Imagining the Past at the Manawatu Estuary

estuary

On a recent trip to our nearest beach we spent time enjoying the estuary at the river mouth, where my local river eventually flows into the ocean. These days the estuary, not shown here in the photo, is a protected heritage area, where many of New Zealand’s native water birds can be found at various times of the year.

It wasn’t the birds that captured my attention on this trip though, but the river and how it served in the opening up of my region in the 1870s when New Zealand was being settled. The river has changed its course over the years since then and definitely doesn’t seem as wide nor deep as it once must have been.

In the beginning, before the region was cleared of forest and before roads were established the river was the major means of travelling inland to where I live. Settlers arriving to the newly established town had to travel up river in large sailing boats for some distance to a nearby thriving port town, then onward in smaller river transport.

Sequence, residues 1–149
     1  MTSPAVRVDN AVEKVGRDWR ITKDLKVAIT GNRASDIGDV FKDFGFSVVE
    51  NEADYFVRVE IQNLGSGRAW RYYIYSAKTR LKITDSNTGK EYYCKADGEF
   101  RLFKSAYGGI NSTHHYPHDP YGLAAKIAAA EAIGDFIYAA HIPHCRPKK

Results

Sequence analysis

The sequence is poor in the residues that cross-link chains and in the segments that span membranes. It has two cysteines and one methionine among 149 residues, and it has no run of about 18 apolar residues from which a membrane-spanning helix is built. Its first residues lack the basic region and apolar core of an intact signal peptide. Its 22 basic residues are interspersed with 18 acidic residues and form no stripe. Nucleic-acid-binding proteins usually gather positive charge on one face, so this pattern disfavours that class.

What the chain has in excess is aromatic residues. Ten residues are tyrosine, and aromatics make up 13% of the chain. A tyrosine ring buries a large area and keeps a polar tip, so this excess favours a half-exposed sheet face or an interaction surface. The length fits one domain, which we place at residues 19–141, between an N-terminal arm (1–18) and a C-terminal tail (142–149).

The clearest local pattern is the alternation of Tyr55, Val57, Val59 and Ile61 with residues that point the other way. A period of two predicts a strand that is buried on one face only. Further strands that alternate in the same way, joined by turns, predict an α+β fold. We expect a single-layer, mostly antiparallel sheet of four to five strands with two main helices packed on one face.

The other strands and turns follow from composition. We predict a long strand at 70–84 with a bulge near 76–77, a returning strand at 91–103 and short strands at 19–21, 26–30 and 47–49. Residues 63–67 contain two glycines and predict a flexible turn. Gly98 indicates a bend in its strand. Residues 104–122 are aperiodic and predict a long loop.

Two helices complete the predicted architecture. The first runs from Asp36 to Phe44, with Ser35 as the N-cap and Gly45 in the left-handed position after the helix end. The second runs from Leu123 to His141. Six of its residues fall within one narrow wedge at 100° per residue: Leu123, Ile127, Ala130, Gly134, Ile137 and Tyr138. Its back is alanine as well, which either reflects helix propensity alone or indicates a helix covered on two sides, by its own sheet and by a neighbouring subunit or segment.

I tried imaging the big sailing ships carrying arrivals, people who had been on board for months, eager to reach their new homeland. The river shown here at low tide just didn’t seem to be capable of being navigated by a large sailing ship. However, I enjoyed imaging the presence of so many ships arriving at was back then a thriving port, that I was on board one of them arriving at a strange destination.

This river mouth of the Manawatu River played an important role in the development of my region.

Advertisements

3 thoughts on “Imagining the Past at the Manawatu Estuary

  1. It’s obvious you’re fascinated by history Val. It’s curious how things affect people differently, my hubby adores history and if we pass an old building he’ll start up oohing and aahing and telling me how he can see that this or that has been changed over the years, and back in those days people would have done this or that. The history has no affect on me whatsoever. What I see are the colours of the stone, the patterns, the birds on the roof, the tiny mosses and lichens on the tiles, and the wonderful texture of an old wooden door. It’s curious how we’re moved by different things!

Leave a Reply

Fill in your details below or click an icon to log in:

WordPress.com Logo

You are commenting using your WordPress.com account. Log Out / Change )

Twitter picture

You are commenting using your Twitter account. Log Out / Change )

Facebook photo

You are commenting using your Facebook account. Log Out / Change )

Google+ photo

You are commenting using your Google+ account. Log Out / Change )

Connecting to %s